Nepal's Drunk Drivers Face "Sniff Tests"

By Chrisanne Grise 07/26/12

The long nose of the law causes cultural complaints in Kathmandu—but may have slashed traffic accidents.

The sniff test in action. Photo via

Police in Kathmandu, the capital city of Nepal, are increasingly resorting to the “sniff test” to catch drivers who've been drinking. Breathalyzers are scarce and blood tests unavailable, so cops simply stop drivers and engage them in conversation. If they think they can smell alcohol on the driver's breath, they can decide whether or not to seize their license and issue a fine. Kathmandu has a zero-tolerance policy when it comes to alcohol and driving—unlike most western countries, which allow up to a certain blood-alcohol maximum. Some feel this is unfair: “I would have left my [motorcycle] and taken a taxi if I was too drunk,” says Ram Thapa, who lost his license and was fined 1,000 rupees (about $12) after a sniff test. He says he only drank three small glasses of rice wine. “I think a limited amount of alcohol, as in other countries, must be permitted for the drivers.” Police did introduce 150 breathalyzers two months ago in the wake of the complains—but half the devices immediately malfunctioned.

The crackdown has particularly upset many in Kathmandu's indigenous Newar community, in which alcohol is an integral part of religious and social customs. “Every festival is celebrated by offering some alcohol to family and friends,” writes Arjun Bhandari, a leading wine importer, in the Republica newspaper. “Century-old traditions can't be wiped out overnight without any education or alternative solutions.” But law enforcement doesn't buy it: “The culture factor is just an excuse,” says Ganesh Rai, deputy inspector general of Kathmandu Traffic Police. “We haven't banned drinking. All we have done is ban the drink-driving.” Since police started enforcing the rule six months ago, the city has raised 30 million rupees in fines—and they say the number of accidents has plunged. “Earlier, accidents used to occur regularly, especially during the night,” Rai says. “In most cases, the cause was drink-driving. So, we realized that if we can stop that, we can significantly reduce the accidents.”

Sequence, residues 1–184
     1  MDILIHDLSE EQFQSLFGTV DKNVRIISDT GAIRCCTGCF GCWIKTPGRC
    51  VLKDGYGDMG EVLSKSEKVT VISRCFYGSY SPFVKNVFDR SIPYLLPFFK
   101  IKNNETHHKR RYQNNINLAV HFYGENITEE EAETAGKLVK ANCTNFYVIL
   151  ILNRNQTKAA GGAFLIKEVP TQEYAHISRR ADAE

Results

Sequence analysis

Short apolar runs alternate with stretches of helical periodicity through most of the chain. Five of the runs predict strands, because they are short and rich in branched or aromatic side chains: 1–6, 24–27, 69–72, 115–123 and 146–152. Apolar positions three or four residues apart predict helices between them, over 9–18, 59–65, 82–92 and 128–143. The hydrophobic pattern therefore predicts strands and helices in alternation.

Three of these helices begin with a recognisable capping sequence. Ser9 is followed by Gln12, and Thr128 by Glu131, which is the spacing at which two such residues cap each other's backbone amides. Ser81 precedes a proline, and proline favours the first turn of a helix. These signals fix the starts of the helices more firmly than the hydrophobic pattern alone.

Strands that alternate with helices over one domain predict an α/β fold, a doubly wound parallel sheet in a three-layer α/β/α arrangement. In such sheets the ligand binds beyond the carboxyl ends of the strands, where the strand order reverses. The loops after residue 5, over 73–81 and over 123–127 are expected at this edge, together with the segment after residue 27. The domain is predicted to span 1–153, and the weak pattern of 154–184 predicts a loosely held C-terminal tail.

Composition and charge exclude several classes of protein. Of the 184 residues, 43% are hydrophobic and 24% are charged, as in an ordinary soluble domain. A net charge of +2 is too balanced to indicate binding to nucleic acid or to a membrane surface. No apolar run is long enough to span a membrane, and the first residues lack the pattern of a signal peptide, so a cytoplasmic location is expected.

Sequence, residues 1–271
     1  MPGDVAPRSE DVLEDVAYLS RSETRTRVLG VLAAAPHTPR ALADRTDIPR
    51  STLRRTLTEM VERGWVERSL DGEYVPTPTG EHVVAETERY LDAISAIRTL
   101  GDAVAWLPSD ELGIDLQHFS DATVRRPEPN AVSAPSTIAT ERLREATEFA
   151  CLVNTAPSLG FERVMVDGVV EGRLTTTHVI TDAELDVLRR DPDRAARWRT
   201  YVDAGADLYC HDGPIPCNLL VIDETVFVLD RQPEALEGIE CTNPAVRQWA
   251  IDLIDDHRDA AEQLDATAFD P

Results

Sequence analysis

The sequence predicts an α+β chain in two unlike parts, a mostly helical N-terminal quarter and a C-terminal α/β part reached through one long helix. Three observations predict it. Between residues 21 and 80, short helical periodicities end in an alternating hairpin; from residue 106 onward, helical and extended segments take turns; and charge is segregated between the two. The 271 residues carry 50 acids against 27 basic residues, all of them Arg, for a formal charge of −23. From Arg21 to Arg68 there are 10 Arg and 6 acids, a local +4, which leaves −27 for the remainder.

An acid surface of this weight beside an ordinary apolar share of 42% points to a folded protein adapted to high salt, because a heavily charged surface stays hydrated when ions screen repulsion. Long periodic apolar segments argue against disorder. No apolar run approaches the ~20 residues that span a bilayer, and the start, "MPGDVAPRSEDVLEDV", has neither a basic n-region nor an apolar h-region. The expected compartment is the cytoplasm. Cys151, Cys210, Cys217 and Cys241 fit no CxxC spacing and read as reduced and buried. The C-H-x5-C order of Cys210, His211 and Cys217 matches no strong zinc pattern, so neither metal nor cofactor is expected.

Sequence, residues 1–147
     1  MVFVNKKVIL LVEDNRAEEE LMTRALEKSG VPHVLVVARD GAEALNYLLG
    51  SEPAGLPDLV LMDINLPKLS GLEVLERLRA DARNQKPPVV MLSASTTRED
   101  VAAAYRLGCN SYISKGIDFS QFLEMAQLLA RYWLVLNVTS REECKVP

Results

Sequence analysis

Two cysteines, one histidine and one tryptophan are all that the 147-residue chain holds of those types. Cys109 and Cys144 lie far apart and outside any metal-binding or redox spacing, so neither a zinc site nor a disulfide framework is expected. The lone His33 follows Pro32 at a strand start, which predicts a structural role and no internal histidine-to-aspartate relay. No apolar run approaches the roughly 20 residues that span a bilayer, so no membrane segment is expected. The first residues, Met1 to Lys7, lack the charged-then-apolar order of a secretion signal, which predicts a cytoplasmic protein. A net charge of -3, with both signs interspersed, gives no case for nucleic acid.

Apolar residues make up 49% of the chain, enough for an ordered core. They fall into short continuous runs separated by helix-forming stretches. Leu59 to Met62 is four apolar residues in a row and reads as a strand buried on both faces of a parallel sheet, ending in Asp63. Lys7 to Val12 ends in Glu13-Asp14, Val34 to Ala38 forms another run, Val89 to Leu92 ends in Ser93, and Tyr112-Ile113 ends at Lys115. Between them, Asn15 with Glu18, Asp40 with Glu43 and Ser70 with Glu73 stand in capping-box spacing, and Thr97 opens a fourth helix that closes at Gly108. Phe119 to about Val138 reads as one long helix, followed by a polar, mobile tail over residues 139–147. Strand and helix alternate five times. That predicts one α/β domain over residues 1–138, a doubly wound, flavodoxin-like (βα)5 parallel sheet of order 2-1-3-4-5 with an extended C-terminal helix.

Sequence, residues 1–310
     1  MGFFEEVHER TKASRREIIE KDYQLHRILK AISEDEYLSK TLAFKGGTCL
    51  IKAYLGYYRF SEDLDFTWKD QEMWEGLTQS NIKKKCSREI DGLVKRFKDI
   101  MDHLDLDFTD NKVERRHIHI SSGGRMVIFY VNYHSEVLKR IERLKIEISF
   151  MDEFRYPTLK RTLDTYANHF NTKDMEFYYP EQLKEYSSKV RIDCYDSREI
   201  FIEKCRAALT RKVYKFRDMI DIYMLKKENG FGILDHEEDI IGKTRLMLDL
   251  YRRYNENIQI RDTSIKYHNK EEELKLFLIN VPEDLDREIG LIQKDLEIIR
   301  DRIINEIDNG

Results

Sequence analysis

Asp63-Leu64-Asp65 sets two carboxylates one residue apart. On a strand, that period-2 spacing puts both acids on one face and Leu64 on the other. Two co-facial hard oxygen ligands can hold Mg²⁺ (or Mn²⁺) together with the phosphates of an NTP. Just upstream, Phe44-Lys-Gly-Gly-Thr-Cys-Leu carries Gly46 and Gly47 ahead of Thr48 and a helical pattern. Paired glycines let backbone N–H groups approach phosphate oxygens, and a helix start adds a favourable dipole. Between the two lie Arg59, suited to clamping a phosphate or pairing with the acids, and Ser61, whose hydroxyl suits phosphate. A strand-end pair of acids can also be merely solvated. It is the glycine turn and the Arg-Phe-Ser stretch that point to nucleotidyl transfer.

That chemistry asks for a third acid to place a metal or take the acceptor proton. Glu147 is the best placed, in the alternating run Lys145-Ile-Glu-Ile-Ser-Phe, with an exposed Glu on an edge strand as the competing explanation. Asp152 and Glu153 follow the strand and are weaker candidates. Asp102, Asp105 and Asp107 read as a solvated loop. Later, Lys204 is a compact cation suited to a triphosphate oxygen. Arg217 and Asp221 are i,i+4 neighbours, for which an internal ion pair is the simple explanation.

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Chrisanne Grise is a multimedia journalist specializing in health/fitness, lifestyle, travel, bridal, and music. Her work has appeared in print and online for publications such as Martha Stewart Weddings, Parents, FitnessMagazine, Fisher Price, Bridal Guide, Scholastic's Choices,,, and more. She is the Senior Editor at The New York Times Upfront. Follow her on Linkedin and Twitter.